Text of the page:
Seafood Brodetto with Couscous
Brodetto di Pesce con Cous Cous

serves: 6

Anna Cornino Santoro's memorable couscous with scorpion fish brodetto inspired me to create this version when I got home. I use grouper, a delicious fish, widely available and easy to work with (and certainly fewer bones than scorpion fish!).Making couscous by hand, as Anna does, is not feasible for most of us, I realize. Fortunately, good quality packaged couscous is in every supermarket these days. Almost all commercial couscous is precooked so it takes barely 5 minutes to make a flavorful, fluffy base for the brodetto.


For the brodetto
2 pounds skinless grouper fillet
1 teaspoon Coarse sea salt, or kosher salt or to taste
flour for dredging, (1/2 cup or so)
½ cup extra-virgin olive oil, plus more for finishing
1 tablespoon garlic, chopped
1 large onion, finely chopped (2 cups)
½ teaspoon peperoncino, or to taste
¼ teaspoon cinnamon, or to taste
2 tablespoons tomato paste
2 cups canned Italian plum tomatoes, preferable San Marzano, crushed by hand
2 cups hot water, or as needed

For the couscous
3 cups water
⅓ cup extra-virgin olive oil
1 teaspoon Coarse sea salt, or kosher salt
2 bay leaves, preferably fresh
2½ cups quick-cooking couscous


Recommended Equipment: A heavy bottomed saucepan or saute pan with high sides, 13 inches or wider, with a cover. A heavy 3-quart saucepan with a cover, for the couscous.

Slice the grouper fillet into chunks, 3- to 4-inches wide and season with 1/4 teaspoon salt.

Pour the olive oil into the big saucepan and set it over medium heat. Dredge the fish pieces in flour, shake off any excess and lay them in the hot oil. Cook for about 2 minutes until crisp and opaque on the underside; turn the pieces and brown them for another minute or two on the other side. Remove to a platter.

Drop the chopped garlic into the pan, stir until sizzling, then add the onions and stir well, scraping up any caramelized bits on the bottom. Sprinkle in the peperoncino, the cinnamon, another 1/4 teaspoon salt and cook, stirring, as the onions wilt and lightly color. Push the onions aside to clear a small space in the pan bottom. Drop in the tomato paste, stir it in the clear, hot spot for a minute to toast, then incorporate into the onions.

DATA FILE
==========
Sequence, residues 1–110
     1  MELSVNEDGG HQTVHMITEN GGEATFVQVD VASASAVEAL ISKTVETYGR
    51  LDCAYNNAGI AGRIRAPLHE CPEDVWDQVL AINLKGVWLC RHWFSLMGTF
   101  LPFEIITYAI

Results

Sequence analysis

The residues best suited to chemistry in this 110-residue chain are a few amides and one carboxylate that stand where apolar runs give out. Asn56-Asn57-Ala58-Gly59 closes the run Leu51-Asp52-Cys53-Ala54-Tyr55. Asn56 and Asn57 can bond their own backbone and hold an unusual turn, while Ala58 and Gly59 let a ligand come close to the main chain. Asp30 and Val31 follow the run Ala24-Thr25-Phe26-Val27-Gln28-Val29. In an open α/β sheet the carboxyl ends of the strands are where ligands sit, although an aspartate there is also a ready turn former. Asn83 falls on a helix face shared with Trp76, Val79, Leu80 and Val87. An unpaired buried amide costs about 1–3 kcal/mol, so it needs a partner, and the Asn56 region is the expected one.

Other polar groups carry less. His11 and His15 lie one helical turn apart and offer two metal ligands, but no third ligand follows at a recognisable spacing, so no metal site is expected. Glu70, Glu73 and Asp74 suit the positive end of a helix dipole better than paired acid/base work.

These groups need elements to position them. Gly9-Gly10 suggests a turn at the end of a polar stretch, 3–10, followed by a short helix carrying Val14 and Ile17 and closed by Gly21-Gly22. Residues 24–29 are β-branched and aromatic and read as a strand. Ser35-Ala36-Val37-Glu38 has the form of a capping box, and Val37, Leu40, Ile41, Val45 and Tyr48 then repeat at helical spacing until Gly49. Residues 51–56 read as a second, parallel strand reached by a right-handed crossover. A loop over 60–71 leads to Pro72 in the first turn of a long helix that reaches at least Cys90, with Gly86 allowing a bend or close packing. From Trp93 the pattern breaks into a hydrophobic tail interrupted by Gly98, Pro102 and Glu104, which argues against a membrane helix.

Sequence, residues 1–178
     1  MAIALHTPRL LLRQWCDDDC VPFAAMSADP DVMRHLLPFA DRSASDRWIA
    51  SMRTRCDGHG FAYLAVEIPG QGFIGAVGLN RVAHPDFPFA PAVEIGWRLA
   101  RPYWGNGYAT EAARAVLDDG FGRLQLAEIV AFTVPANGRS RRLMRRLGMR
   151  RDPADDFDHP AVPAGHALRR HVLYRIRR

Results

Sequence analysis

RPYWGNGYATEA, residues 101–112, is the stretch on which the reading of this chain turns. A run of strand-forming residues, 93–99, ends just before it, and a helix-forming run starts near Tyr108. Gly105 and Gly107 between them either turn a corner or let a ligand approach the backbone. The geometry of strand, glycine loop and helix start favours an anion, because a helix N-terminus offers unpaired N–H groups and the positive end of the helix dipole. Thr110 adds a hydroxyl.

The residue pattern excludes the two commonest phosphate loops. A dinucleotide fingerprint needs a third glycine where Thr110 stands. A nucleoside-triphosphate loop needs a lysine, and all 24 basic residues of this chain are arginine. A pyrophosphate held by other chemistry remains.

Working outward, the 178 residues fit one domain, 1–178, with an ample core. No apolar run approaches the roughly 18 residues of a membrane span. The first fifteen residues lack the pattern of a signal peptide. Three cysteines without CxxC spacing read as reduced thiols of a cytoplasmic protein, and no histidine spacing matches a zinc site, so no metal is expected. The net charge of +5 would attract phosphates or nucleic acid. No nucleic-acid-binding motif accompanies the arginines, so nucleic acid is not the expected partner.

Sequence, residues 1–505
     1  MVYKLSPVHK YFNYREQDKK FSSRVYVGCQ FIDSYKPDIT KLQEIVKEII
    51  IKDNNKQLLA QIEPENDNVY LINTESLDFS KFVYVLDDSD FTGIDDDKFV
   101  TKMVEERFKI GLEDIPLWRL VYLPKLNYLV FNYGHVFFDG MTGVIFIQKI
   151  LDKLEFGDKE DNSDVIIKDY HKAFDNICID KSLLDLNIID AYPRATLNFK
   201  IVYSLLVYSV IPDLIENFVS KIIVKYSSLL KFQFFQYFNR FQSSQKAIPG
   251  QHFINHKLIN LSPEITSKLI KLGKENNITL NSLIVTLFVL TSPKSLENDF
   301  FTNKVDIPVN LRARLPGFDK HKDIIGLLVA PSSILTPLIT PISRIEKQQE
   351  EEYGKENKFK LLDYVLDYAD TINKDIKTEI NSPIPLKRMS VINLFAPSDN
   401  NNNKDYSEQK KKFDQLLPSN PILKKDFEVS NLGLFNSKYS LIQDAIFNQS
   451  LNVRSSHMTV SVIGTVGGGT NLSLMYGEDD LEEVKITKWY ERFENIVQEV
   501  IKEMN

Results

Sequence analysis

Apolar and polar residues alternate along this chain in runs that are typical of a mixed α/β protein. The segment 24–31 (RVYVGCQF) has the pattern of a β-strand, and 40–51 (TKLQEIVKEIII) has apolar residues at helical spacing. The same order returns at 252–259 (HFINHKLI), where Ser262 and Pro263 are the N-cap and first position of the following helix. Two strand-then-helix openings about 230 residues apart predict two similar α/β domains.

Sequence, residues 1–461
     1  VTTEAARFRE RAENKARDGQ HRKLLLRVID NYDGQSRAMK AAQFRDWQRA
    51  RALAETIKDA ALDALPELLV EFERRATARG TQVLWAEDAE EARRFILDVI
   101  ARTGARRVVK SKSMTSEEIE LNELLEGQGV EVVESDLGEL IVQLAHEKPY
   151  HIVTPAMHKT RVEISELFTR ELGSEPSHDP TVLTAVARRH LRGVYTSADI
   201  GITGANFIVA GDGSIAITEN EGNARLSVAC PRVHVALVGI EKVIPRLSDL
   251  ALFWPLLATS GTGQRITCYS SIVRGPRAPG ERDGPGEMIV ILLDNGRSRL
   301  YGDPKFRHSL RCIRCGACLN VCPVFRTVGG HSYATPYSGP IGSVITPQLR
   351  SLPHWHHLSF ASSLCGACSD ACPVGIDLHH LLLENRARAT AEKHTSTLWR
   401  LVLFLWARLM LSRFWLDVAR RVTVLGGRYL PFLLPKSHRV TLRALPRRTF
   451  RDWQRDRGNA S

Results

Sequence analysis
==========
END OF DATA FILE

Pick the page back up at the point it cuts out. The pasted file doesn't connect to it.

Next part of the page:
Pour in the crushed tomatoes and 2 cups of hot water (use some of the water to rinse the tomato container), raise the heat, stir well and bring the liquids to a boil. Stir in 1/2 teaspoon salt and adjust the heat to keep the brodetto bubbling gently.

After 10 minutes, nestle the grouper chunks into the simmering brodetto and pour in any fish juices accumulated in the platter. The chunks should be nearly covered by the sauce; add more hot water if necessary. Heat rapidly until the sauce is bubbling again then simmer gently, partially covered. Shake the pan occasionally to distribute the brodetto and slosh it over the fish.

When the grouper is tender and flakes easily, about 10 to 15 minutes, turn off the heat. Drizzle a tablespoon or two of olive oil all over the top.

Meanwhile, prepare the couscous: Put the 3 cups water, olive oil, salt and bay leaves in the smaller saucepan, cover, and bring to a rolling boil. Pour in the couscous and stir until the water begins to boil again, then turn off the heat and cover the pan tightly. Let the couscous sit to soften and completely absorb the water, about 10 minutes. Fluff it with a fork, breaking up any lumps, and remove the bay leaves.

To serve, do as Anna does: heap the couscous in a warm deep serving platter bowl. Lay the chunks of grouper on top, spoon half of the brodetto over the fish and couscous and pour the rest into a bowl for passing at the table. Serve immediately.